Friday, January 16, 2009
An executive from the PR firm that represents FedEx flew down to Memphis to meet with his clients a few days ago. The PR executive sent out a Twitter when he landed that he could never imagine living in a place like Memphis. Unfortunately someone from the FedEx team waiting for the executive was following the Twitter. Needless to say, the people from FedEx who pay the PR firm millions of dollars a year in fees were not amused. God only knows what possessed the PR man to let loose with such an idiotic comment--and who was he expecting to shake their heads in agreement--because sending out a Twitter, or an email, isn't the same thing as having a thought bubble pop harmlessly over your head. I'm not sure I quite see the benefit of Twitter myself--sending out headlines on a minute by minute basis seems a bit much, both from the sender and the receiver's standpoint, but maybe that's just the next logical step in the digtal arms race. Clearly, though, a little technology can be a dangerous thing.
Thursday, January 15, 2009
Flying is boredom, wasted time, inconvenience, indignity and discomfort interrupted by short bursts of terror. I hate flying. Whenever I fly into LaGuardia I always hold my breath, thinking we are going to ditch in the water. Takeoffs are worse, though -- how could this multi-ton bucket of bolts, packed to the gills with junk and cheap bags, possibly float through the air? Today's crash into the Hudson River, even with it's miraculous lack of casualties, reminds me why I like to hang out with my kids, play cards, and goof around, rather than schlep them across India for quasi-mystical treks. Even though it's safer to fly than to drive, and even though an air crash is the exception to the rule, I'm always happy I don't have to spend the day in the airport. And, when I think about it, the fact that birds were sucked into the engines and made the planes fail has a certain ironic charm--what the hell are we thinking, anyway?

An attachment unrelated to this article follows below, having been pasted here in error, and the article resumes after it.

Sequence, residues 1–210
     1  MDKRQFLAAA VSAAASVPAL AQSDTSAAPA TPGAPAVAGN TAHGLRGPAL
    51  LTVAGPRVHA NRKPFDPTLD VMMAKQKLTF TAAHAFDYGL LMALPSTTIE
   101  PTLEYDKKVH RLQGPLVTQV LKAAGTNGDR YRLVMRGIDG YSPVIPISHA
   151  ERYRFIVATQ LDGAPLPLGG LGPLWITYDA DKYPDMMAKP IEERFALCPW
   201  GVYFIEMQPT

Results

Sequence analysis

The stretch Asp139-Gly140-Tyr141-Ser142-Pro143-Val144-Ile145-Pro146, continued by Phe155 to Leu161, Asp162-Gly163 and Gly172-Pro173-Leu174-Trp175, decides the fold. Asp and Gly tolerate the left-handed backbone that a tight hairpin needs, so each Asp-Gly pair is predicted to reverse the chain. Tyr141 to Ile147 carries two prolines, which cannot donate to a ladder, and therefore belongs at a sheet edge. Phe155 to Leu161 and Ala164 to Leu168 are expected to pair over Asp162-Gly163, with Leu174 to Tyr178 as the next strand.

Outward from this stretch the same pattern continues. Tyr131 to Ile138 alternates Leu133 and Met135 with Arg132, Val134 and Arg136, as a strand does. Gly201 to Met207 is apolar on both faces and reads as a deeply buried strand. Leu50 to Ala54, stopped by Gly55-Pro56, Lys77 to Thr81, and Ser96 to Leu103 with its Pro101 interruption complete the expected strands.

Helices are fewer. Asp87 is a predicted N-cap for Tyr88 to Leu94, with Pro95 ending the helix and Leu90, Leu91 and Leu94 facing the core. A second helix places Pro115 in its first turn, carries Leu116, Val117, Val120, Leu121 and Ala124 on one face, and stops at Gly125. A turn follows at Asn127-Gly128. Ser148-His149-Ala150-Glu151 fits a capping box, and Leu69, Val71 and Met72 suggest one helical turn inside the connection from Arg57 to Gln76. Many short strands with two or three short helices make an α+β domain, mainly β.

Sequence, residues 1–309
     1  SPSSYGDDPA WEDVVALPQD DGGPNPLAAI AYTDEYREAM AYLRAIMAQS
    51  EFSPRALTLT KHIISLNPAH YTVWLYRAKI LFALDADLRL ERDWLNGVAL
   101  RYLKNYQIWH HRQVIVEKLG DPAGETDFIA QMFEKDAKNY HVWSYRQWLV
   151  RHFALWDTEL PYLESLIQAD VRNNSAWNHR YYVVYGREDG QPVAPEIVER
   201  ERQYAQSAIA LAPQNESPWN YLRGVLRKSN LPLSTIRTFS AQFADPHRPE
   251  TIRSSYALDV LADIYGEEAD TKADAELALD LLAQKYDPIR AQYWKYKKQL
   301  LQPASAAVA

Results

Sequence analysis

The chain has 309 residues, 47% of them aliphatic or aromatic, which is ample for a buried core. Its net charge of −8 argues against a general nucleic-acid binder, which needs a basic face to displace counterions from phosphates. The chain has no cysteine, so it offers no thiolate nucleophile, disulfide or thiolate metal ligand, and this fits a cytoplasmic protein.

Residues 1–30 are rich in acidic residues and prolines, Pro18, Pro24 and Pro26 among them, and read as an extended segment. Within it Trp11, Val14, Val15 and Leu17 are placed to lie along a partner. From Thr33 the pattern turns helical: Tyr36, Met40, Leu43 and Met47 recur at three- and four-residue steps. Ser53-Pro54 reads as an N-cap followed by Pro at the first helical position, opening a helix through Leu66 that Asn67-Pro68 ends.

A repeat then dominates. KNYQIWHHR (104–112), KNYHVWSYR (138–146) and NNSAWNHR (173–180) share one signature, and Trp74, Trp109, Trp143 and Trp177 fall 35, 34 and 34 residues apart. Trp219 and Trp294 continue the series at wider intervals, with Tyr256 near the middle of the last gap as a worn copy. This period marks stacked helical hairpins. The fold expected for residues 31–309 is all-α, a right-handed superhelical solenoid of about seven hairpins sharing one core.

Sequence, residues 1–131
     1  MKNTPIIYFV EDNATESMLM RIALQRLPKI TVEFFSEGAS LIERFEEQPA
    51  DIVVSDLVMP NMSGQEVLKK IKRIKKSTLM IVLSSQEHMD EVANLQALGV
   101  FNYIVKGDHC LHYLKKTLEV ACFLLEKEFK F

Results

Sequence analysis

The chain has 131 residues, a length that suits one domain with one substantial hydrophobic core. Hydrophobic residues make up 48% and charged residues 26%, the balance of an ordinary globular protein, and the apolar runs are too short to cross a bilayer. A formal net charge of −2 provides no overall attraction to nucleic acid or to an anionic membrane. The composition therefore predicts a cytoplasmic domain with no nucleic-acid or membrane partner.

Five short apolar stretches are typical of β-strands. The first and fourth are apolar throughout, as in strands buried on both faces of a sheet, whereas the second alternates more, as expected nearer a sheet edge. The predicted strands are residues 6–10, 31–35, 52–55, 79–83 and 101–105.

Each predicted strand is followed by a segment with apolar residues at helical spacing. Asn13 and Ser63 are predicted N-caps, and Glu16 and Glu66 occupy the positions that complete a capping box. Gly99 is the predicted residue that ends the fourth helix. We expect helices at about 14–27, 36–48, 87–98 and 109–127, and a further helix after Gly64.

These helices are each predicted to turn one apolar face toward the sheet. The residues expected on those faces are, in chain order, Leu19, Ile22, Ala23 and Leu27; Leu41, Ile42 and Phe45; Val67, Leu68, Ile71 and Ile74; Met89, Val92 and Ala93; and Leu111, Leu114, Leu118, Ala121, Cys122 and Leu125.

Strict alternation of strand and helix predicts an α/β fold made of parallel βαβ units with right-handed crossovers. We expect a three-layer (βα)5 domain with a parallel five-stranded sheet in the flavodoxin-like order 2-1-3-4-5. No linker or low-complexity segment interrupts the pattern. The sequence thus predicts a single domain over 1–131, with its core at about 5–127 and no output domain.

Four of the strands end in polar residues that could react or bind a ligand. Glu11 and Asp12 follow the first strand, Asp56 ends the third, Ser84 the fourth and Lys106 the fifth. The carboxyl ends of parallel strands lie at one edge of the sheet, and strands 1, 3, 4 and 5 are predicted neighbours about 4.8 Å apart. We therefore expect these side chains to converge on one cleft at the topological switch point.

Wednesday, January 14, 2009
I can think back, with great embarrassment, of the many times in my life I have kicked, punched, cursed or otherwise visited violence upon an inanimate object that refused to work as expected. Once in a while the result would be positive--a car would start or a vending machine would give me my diet soda. Usually, though, this tactic resulted in utter failure and a feeling of hopelessness. Last night I was headed back home on my commuter railroad train. I saw a train conductor gently kicking the stop light on the train pictured here (the light on the left, as you view the photo). The stoplight was dark. I was laughing to myself about the futility of the situation as he firmly tapped it with his foot. Then, suddenly, the light went on and he calmly returned to his work. When I boarded the train and skimmed the NY Times headlines on my Blackberry, I wondered if the conductor could perhaps be convinced to give the economy a couple of exploratory kicks. You never know.